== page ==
It’s no secret many property markets have slowed. The finance landscape has changed and capital growth is going to be harder to achieve going forward. Investors in these markets may want to look elsewhere for returns over the next few years.
Property investors as a group tend to love the security of owning physical assets, and the fact that prices tend to be less volatile since property isn’t traded daily like shares. This makes them shy away from the sharemarket, due to the volatility and the often intangible nature of owning a company’s shares. Enter REITs…
Real Estate Investment Trusts (REITs)
REITs, or listed property trusts, are pretty simple to understand. They are either a company or a trust, listed on the sharemarket, which invests in property of all types, such as industrial, retail, office etc.
You can buy shares (or units) in a REIT the same as you would any other company. I think this type of investment is the perfect way for a property investor to get started investing in the sharemarket. The REIT owns physical property, collects the rental income, and passes it onto the end shareholder (unitholder) in the form of dividends (called distributions).
Many REITs own buildings we probably pass by every day – like Westfield shopping centres owned by Scentre Group (ASX: SCG), and Bunnings Warehouse properties, owned by BWP Trust (ASX: BWP) and rented to Wesfarmers Limited (ASX: WES).
Over time as the property portfolio grows in value, this is usually reflected in the share price. And as the rental income increases over time, so will the income received by the investor. Here’s a couple of good quality REITs to get you started…
Viva Energy Reit Ltd (ASX: VVR)
A pretty simple to understand business. This REIT owns over 400 service stations around the country, almost all are leased to Shell Coles Express.
The weighted average lease expiry (WALE) is 13 years, meaning it’s a very reliable source of long-term cashflow. There’s also built-in rent increases with those leases, which average 3% per annum. That’s a wonderful feature. Because while we don’t know what will happen on the sharemarket, or in the property markets during that time, we know if our rental income keeps climbing over the years, the underlying value of that real estate rises too.
Shares trade on a forecast yield of 6.4%.
Centuria Metropolitan REIT (ASX: CMA)
Centuria owns a portfolio of office buildings around $900 million. It’s currently raising money to acquire a further 4 buildings to add to its portfolio, which are in targeted inner metropolitan locations.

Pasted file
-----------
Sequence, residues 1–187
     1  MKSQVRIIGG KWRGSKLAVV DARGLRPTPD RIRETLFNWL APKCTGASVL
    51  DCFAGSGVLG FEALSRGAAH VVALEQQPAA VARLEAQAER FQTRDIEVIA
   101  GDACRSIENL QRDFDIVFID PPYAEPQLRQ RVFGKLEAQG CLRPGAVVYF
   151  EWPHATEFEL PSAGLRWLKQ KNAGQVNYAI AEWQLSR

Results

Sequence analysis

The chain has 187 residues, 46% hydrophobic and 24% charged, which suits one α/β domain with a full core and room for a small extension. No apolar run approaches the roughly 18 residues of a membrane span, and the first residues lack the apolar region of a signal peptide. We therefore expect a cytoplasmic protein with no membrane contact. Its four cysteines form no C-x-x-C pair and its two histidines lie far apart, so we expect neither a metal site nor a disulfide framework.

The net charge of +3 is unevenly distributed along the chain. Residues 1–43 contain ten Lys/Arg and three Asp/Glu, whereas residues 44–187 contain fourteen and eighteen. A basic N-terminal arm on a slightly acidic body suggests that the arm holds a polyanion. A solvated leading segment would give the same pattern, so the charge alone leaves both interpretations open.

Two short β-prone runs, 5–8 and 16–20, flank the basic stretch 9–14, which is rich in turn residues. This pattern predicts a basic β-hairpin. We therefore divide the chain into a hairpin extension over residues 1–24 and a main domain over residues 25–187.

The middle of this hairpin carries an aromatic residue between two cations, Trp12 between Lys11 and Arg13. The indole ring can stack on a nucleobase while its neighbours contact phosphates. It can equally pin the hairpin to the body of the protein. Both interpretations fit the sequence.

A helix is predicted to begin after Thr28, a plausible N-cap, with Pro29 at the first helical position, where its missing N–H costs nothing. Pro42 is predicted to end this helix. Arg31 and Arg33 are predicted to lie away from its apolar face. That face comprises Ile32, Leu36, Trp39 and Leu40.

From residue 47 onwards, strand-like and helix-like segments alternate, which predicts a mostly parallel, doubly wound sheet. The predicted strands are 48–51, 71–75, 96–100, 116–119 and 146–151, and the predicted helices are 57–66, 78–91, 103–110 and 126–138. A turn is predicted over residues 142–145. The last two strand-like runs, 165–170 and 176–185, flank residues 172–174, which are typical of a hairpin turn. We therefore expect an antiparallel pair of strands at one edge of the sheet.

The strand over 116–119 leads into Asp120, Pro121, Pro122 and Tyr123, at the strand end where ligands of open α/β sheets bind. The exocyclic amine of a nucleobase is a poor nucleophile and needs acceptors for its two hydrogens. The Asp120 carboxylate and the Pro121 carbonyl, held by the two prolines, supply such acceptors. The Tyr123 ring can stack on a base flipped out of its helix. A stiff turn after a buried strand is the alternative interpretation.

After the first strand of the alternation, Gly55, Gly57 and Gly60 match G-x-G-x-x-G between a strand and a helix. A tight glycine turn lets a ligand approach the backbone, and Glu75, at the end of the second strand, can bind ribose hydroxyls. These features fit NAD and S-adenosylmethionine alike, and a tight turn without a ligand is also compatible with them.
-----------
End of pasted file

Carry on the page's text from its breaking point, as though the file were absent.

The portfolio is diversified between major cities in Australia and the occupancy rate is 97.8%. Future rent increases are locked in at an average of 3.6% per annum. Again, this underpins future cashflow and means the underlying portfolio should be worth much more a decade from now.
Best of all, shares are currently trading on a very attractive yield of 7.5%.
For many, blue chip stocks mean stability, profitability and regular dividends, often fully franked..
But knowing which blue chips to buy, and when, can be fraught with danger.
The Motley Fool’s in-house analyst team has poured over thousands of hours worth of proprietary research to bring you the names of "The Motley Fool’s Top 3 Blue Chip Stocks for 2019."
Each one pays a fully franked dividend. The names of these Top 3 ASX Blue Chips are included in this specially prepared free report. But you will have to hurry. Depending on demand – and how quickly the share prices of these companies moves – we may be forced to remove this report.
Click here to claim your free report.
Motley Fool contributor Dave Gow owns shares of Centuria Metropolitan REIT and Wesfarmers Limited. The Motley Fool Australia owns shares of and has recommended Wesfarmers Limited. The Motley Fool Australia has recommended Scentre Group. We Fools may not all hold the same opinions, but we all believe that considering a diverse range of insights makes us better investors. The Motley Fool has a disclosure policy. This article contains general investment advice only (under AFSL 400691). Authorised by Scott Phillips.